Kids may be more excited about masks if they see them as fashion accessories. If so, it can help to make them part of the buying or sewing process: giving them a say on what colours and patterns are on their masks can encourage wearing.

... Or an incentive

Hey, who among us hasn’t accepted a parental bribe or two?

Teach them how to breathe deeply

As one Hamilton, Ont., mom notes, some kids with existing respiratory issues or mental health needs may struggle to inhale and exhale when their mouths are covered. She taught her son breathing exercises to help him breathe a little easier.

If you’re looking to make breathing regulation part of your family’s routine, PN Medical recommends people take five “quality” breaths at three intervals: Before putting a mask on, once a mask is on, and right after taking it off.

Reminding kids to breathe slowly while wearing their mask can also help prevent hyperventilation related to panic or overstimulation. “Box breathing” is a common technique for instant calm.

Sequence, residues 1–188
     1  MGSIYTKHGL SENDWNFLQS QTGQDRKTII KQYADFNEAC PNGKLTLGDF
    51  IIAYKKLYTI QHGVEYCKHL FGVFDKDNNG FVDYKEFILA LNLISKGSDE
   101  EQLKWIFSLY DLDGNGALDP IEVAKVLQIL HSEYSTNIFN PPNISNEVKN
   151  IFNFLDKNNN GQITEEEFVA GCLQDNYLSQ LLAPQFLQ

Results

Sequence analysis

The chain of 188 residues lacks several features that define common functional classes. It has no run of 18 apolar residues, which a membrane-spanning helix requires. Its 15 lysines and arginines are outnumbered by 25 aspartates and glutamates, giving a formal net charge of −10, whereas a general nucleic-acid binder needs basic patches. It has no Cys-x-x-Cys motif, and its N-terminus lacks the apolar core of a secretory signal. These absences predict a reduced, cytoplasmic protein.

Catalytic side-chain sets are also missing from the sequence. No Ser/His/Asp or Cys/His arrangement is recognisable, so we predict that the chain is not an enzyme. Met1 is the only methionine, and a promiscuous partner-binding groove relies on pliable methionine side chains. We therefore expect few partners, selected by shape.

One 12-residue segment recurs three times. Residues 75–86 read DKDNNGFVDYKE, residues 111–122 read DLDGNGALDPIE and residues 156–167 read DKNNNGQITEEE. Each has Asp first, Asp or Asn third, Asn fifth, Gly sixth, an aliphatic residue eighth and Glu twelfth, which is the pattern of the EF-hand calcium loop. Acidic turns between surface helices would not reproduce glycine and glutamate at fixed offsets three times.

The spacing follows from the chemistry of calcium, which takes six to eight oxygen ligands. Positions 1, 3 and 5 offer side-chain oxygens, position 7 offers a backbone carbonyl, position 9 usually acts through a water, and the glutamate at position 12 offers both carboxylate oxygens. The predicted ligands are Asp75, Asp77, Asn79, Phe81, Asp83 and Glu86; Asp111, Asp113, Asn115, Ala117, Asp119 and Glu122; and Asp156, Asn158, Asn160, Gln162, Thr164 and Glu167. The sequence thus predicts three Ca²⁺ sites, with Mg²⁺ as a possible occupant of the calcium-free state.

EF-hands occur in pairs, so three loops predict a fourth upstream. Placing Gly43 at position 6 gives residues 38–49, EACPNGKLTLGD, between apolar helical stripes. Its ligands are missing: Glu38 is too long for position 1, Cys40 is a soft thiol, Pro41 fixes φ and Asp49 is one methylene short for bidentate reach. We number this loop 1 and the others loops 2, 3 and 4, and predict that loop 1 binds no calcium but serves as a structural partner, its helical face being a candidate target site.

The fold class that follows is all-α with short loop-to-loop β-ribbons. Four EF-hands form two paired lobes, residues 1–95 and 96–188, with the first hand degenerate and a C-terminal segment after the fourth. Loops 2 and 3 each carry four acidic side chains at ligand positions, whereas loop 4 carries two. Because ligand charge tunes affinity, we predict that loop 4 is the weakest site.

Make masks entertaining

Kids love games, so why not make masks as fun as possible? For Morton, she knows that her twins and other boys find it hilarious to compare masks to wearing underwear. Reacting in exaggerated shock when they “forget their underwear” can add an element of play that will keep kids mindful of what’s on their face.

One Toronto dad suggests treating face masks like “Halloween costumes” or “masked superheroes,” two dress-up opportunities cape-loving children will appreciate.

Be realistic

Not all kids will be ready to wear masks full-time come September and that’s OK. Being too young to understand and having existing health conditions may make mask-wearing impossible for several hours at a time.

If your family’s in this camp, it may be wise to ask your school as soon as possible about education alternatives that reduce mask usage, such as increased homeschooling or shortened hours spent near others.